My argument that "Chalice punishes power" may be similar in form, but it's very different in substance and significance. The only way that would be so is if the purpose of Workshops was to "punish Missteps." That's pretty absurd. The purpose of Workshops, as an O'Brien School strategy, is to tax efficient decks, not to punish Red Elemental Blasts.

    On the other hand, the purpose of Chalice - since it was actually designed for Type 1/Vintage - is to punish power. I note that alot of the objections to Chalice are from players who enjoy playing with a full complement of Moxen in non-prison/non-taxing decks. It's understandable that those players dislike what Chalice does. But it was designed with a awareness that those players would not enjoy Chalice. That's why I called in, 2003, "The New Black Vise."

    Obviously, Chalice is much more powerful in Workshop decks since it scales more easily and fits into the general prison theme. So, if Workshop were restricted, it naturally follows that Chalice would be a weaker card, even if it were still quite good.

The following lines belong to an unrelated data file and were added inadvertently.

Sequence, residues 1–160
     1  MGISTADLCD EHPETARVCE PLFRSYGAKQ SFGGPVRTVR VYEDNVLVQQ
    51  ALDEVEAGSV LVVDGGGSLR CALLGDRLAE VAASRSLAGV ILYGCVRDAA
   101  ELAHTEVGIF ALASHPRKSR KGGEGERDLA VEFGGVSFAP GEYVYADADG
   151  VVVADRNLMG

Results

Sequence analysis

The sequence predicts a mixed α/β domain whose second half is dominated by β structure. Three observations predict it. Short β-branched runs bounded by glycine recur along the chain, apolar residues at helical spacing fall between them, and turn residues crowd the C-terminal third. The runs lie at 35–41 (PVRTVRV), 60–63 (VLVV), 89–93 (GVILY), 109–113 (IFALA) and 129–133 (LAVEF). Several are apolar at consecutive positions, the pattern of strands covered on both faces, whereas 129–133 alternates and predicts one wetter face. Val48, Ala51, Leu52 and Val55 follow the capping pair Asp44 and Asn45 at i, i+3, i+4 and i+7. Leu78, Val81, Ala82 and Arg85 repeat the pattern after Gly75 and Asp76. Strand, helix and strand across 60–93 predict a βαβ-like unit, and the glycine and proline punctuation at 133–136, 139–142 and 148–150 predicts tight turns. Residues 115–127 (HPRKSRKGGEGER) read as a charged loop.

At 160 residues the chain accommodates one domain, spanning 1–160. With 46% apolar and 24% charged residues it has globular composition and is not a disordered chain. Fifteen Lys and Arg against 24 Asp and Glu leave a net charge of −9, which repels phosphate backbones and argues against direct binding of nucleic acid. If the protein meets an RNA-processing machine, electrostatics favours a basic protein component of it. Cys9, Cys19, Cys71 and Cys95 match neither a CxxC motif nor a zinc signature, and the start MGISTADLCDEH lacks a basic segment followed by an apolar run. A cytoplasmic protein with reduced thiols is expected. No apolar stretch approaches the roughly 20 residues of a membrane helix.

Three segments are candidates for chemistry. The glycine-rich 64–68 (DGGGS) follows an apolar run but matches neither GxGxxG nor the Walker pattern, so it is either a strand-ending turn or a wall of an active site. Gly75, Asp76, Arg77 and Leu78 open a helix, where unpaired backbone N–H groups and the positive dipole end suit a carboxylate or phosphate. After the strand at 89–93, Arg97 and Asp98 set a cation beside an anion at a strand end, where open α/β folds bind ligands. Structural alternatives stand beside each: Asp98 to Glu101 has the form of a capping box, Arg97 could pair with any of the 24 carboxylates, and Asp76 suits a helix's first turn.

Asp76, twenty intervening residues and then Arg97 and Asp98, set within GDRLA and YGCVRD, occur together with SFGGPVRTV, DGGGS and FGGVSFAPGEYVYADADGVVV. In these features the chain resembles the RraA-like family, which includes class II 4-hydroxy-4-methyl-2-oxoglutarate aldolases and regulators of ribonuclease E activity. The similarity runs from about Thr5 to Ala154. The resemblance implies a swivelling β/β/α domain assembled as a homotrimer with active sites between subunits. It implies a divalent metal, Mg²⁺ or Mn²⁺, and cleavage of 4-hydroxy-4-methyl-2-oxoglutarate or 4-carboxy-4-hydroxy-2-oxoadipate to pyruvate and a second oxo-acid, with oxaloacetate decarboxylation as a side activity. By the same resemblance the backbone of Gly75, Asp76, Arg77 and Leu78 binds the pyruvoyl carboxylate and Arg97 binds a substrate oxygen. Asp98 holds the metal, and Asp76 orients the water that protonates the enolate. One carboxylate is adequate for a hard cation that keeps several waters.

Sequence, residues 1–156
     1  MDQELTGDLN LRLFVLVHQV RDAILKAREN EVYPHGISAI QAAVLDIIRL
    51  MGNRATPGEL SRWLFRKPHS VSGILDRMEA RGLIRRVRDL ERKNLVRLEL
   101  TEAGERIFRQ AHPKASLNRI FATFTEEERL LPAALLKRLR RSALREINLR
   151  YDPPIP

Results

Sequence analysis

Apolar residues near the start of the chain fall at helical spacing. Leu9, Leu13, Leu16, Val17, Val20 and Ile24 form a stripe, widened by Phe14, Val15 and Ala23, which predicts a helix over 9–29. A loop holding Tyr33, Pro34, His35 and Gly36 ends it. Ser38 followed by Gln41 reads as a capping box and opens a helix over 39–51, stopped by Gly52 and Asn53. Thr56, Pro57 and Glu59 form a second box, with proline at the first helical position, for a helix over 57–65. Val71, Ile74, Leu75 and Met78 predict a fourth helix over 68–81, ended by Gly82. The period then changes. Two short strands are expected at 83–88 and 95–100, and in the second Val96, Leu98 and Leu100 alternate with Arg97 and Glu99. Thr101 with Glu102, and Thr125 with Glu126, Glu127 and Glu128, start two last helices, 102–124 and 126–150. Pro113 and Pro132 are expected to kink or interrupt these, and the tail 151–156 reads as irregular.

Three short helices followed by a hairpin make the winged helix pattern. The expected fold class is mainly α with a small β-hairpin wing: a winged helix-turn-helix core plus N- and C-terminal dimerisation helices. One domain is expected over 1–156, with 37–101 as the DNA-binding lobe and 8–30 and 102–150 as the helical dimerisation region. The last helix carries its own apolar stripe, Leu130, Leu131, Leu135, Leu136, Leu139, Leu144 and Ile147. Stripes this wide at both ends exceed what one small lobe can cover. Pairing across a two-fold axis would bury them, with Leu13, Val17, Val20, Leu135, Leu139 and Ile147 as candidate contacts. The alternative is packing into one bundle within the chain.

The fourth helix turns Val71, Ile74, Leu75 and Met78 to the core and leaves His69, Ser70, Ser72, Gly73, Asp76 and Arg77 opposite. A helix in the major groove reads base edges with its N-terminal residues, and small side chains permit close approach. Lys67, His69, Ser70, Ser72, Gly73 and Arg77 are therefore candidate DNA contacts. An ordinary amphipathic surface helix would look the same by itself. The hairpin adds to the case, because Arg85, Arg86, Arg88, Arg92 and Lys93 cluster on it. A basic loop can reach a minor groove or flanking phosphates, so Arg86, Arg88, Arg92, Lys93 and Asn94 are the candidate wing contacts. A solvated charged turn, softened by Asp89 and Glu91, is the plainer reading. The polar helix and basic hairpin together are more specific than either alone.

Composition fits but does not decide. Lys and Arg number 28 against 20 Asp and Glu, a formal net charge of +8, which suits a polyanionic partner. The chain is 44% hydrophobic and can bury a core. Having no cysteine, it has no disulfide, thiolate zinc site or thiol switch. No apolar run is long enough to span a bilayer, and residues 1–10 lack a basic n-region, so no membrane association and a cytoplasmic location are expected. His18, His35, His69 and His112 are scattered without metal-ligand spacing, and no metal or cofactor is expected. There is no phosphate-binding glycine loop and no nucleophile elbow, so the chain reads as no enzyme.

Similar to Shops, I don't think Chalice and "budget decks" will reach a portion of the metagame where skewing your deck around it becomes a worthwhile goal. The only thing it really accomplishes is to increase the number of non-games.

    But that's it's purpose. Chalice was printed with an understanding that it would blow out players with decks with huge numbers of Moxen in their hands on the draw. You can say that's a bad design, but that's how it was designed, and was found acceptable to the Vintage community for 12 years.

    In any case, this is an area where you and I disagree. Performance should, in my view, be the only touchstone for restricted list policy.

    My top line goal for Vintage is that it is a format with as many viable decks as possible in a format where you get to play your cards to the greatest extent possible. Therefore, I support the shortest possible restricted list consistent with promoting format strategic diversity. Restricting cards that are 'non-interactive,' but not statistically dominant is logically inconsistent with my prime objective, since it reduces the possible range of viable decks and reduces the range of strategies in the format.